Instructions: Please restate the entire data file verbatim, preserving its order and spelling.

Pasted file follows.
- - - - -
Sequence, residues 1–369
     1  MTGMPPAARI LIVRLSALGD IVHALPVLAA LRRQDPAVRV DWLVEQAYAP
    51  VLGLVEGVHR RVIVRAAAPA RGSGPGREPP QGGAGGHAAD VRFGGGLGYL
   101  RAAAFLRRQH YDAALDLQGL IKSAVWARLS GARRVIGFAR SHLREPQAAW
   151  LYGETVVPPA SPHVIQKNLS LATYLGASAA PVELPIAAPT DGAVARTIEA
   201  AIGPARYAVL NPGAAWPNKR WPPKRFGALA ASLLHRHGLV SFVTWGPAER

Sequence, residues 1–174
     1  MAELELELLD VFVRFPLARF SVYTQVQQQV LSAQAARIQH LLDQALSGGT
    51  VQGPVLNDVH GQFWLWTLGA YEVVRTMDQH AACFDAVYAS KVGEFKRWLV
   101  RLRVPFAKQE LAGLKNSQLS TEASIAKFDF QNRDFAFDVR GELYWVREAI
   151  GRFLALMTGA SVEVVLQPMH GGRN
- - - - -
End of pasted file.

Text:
Sequence, residues 1–369
     1  MTGMPPAARI LIVRLSALGD IVHALPVLAA LRRQDPAVRV DWLVEQAYAP
    51  VLGLVEGVHR RVIVRAAAPA RGSGPGREPP QGGAGGHAAD VRFGGGLGYL
   101  RAAAFLRRQH YDAALDLQGL IKSAVWARLS GARRVIGFAR SHLREPQAAW
   151  LYGETVVPPA SPHVIQKNLS LATYLGASAA PVELPIAAPT DGAVARTIEA
   201  AIGPARYAVL NPGAAWPNKR WPPKRFGALA ASLLHRHGLV SFVTWGPAER

Sequence, residues 1–174
     1  MAELELELLD VFVRFPLARF SVYTQVQQQV LSAQAARIQH LLDQALSGGT
    51  VQGPVLNDVH GQFWLWTLGA YEVVRTMDQH AACFDAVYAS KVGEFKRWLV
   101  RLRVPFAKQE LAGLKNSQLS TEASIAKFDF QNRDFAFDVR GELYWVREAI
   151  GRFLALMTGA SVEVVLQPMH GGRN